Now, there is, of course, a caveat where I tell you that Josh Johnson’s likely future elite status in Warhawk history is just as much an indictment of the history of ULM running backs as it is of Johnson’s talent, but let’s not worry about that right now.
Johnson spent his first season of collegiate ball playing at Coahoma Community College. If that sounds familiar, Coahoma is down South and appeared in the first season of Last Chance U as one of the hard-luck teams that got their butts kicked by EMCC. They were 1-12 from the start of the 2013 season through that 2015 game that aired on LCU, and they went 1-14 the rest of that season and the next.
In Johnson’s lone season they improved all the way to 2-7 before falling back to earth, but his performance there (1,101 yards and eight TDs in nine games) got him a nice list of offers, including every Sun Belt school except Texas State, Louisiana and Coastal Carolina.
He wound up at ULM, and was used sparingly last season, with only 20 touches for 70 yards the entire season. This season, however, has been a different story.
This year, Josh has been the man. In six games, he’s rushed for at least 110 yards four times, and it hasn’t just been an accumulation of volume – Florida State (4.8) is the only team so far to hold him under five yards per carry.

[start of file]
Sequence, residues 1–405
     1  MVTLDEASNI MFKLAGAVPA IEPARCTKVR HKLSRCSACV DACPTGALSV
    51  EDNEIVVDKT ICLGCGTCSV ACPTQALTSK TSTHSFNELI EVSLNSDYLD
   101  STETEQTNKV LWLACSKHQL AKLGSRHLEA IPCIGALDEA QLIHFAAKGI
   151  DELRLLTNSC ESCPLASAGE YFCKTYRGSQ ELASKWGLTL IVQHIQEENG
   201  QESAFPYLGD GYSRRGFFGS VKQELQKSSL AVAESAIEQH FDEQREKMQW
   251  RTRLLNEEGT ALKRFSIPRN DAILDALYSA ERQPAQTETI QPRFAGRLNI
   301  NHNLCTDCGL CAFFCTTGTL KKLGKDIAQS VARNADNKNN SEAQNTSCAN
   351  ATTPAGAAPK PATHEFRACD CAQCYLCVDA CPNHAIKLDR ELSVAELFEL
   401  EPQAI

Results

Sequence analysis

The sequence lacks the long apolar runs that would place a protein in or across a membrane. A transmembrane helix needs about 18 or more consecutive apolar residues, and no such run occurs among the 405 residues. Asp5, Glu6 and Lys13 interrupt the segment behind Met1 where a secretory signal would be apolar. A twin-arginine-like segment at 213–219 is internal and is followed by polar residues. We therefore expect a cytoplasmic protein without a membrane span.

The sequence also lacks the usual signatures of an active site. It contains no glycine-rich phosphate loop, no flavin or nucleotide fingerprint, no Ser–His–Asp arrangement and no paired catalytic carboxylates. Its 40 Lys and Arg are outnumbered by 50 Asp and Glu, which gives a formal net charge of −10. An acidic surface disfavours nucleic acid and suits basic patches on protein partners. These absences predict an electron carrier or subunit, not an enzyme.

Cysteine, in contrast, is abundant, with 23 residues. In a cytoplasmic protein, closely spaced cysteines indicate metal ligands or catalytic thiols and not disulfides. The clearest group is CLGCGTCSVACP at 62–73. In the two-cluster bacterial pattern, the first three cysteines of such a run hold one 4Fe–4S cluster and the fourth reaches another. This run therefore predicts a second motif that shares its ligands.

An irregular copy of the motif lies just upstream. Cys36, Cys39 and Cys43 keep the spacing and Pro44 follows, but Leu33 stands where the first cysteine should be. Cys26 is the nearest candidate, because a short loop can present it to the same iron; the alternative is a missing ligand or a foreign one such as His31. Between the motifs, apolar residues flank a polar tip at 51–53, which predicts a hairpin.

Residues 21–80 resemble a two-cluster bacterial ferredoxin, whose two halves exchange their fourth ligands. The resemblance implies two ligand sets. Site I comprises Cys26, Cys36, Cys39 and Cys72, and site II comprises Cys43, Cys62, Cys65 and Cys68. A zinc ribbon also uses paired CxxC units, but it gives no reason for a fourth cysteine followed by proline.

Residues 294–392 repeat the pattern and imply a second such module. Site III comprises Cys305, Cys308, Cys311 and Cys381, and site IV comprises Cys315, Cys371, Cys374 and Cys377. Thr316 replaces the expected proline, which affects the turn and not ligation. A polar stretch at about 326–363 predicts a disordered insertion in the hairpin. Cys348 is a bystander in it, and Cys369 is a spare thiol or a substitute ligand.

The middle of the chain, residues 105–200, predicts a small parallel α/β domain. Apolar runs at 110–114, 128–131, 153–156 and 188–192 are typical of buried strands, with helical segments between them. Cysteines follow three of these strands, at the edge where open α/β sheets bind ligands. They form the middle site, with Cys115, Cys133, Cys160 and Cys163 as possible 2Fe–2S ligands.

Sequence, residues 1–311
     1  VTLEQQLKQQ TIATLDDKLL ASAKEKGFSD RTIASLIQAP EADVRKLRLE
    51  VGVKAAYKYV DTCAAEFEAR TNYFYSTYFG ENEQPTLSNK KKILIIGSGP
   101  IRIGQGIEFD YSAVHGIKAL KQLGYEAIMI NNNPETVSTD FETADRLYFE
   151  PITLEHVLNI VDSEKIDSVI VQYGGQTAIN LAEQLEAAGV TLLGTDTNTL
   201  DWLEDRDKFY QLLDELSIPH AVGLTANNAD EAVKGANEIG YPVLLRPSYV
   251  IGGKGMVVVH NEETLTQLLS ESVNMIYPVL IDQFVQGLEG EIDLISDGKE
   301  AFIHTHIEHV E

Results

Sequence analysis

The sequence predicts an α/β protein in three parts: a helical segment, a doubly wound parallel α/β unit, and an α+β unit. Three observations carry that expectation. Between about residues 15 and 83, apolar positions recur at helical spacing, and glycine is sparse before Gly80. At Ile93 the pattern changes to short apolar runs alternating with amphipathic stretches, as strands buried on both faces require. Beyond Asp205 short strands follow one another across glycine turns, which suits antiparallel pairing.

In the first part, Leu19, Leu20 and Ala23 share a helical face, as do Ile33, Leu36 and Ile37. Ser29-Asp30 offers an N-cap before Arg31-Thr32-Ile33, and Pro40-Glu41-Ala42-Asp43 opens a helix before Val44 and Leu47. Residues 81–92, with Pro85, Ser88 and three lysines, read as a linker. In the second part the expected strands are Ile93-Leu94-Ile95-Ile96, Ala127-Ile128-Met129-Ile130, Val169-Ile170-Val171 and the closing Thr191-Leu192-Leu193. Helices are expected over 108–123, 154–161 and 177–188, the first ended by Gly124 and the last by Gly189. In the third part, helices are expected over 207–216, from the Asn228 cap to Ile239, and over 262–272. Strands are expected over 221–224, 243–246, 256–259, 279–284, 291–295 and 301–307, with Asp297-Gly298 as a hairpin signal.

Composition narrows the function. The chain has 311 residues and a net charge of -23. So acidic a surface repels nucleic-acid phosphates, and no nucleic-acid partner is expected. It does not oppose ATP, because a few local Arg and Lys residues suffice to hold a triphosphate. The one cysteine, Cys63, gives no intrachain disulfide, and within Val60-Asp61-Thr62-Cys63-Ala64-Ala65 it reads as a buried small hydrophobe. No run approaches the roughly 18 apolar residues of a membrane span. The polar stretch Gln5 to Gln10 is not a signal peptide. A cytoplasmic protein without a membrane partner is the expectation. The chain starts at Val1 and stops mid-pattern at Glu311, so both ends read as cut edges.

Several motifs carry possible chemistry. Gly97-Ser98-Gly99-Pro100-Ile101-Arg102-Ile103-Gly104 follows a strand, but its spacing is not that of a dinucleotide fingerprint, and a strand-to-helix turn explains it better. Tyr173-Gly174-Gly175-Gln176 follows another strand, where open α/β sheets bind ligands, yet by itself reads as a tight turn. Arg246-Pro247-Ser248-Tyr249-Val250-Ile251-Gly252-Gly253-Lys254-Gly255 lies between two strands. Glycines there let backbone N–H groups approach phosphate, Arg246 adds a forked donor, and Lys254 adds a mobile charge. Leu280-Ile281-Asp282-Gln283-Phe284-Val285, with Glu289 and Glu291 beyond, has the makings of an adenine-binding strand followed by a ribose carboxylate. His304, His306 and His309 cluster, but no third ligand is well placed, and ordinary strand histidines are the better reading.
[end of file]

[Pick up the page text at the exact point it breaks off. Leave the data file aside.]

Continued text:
He’s got eight carries of 20+ yards and a number of short-yardage and goal-line successes, and if he were a better receiver he’d likely be a three-down back.
What’s this got to do with the record books? Well, Johnson now has 712 rushing yards this season, which by itself would put Johnson 23rd all-time in Warhawk career rushing yards.
He’s only the 10th Warhawk to ever rush for more than 700 yards in a season, several of whom were quarterbacks, and with half a season remaining he is less than 300 yards away from only the fifth 1,000-yard season in ULM history.
If Johnson keeps his current pace, he’ll end the season in the vicinity of 1,500 yards, which would put him 11th all-time in school history. The next tier of the list is crowded, so a strong bowl game and/or Sun Belt title game would catapult him within shouting distance of the top five.
This historical run is also in part due to the fact that the Warhawks have only ever had three players rush for 2,000+ career yards, so Johnson returning for his senior season would likely mean cemented status as the best to ever carry the rock in Monroe.
Johnson should continue to be fun to watch, as he avoids the best run defense in the conference and still has a couple other potential softies on the list, but it’s been a pleasant surprise so far to see the offense clicking and producing behind Johnson’s emergence.